This week's SAS tip is from A. John Bailer and his book Statistical Programming in SAS. A SAS user for over 30 years, John is a Fellow of the American Statistical Association and the Society for Risk Analysis--and a member of the International Biometric Society and the International Statistical Institute.

The following excerpt is from SAS Press author John Bailer and his book "Statistical Programming in SAS" Copyright © 2010, SAS Institute Inc., Cary, North Carolina, USA. ALL RIGHTS RESERVED. (please note that results may vary depending on your version of SAS software).

Structured Thinking about Writing Programs

Homework problems are frequently simple, and if a computer program is required for analysis, then this program might need only a few lines of code to implement a solution. These small programs can be written on the fly without a great deal of planning. This strategy of short and quick program construction fails miserably when you are faced with larger problems and when alternative solutions are required. A basic strategy is advocated in this case: modularize your code and write pseudocode that is operationalized as functioning programming statements during implementation. This strategy is outlined in this section and illustrated in the case studies that follow.

Modular programming is commonly introduced in computer science when basic programming skills are taught. The basic idea is a simple one—when faced with a large and complex task, subdivide this task into smaller components. These smaller components can be implemented and tested before they are combined in a larger program. Often, these components are separate modules that can be implemented as subroutines or functions. However, these components might represent discrete ideas that need to be implemented with a module as well. Variants of these subroutines or functions are encountered in SAS macro programs (in Chapter 10) or in SAS/IML modules (in Chapter 11).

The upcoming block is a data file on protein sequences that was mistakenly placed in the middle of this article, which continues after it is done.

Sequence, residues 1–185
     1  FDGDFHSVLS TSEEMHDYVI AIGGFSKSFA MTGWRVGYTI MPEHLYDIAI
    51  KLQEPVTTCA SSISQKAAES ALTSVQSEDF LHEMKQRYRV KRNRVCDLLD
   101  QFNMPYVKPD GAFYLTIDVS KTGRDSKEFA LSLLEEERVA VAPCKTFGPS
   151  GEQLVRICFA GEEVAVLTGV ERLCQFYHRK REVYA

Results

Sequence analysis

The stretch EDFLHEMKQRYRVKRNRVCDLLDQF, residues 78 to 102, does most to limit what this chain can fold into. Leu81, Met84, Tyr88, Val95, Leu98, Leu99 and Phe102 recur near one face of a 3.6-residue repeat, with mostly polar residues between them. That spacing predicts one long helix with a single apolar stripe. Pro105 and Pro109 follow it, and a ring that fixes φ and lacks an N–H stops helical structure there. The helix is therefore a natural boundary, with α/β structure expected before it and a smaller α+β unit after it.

Pseudocoding involves writing in words or sentence fragments what should occur in a large programming task. In decades past, programming students learned about structured programming ideas with extensive discussions and formal flowcharts about how a program should work. This formal flowchart of the overall program execution might be further expanded into components or modules of an even larger program that could be described in additional formal flowcharts. All of this seems to be a lost skill with many of the students of today (as is the speedy use of slide rules). Pseudocode provides a way to expand tasks into modular pieces with textual descriptions of what these pieces do. The abstract descriptions in discussions and flowcharts don’t provide a real sense of how the code might work in practice.

To read a free chapter and reviews of the book, visit John's author page. View 4 previously excerpts from his book on this blog: Selecting a simple random sample,  Using PROC PRINT to list observations in a data set, PROC MEANS for descriptive statistics, and Destination--RTF, HTML, PDF, and more.

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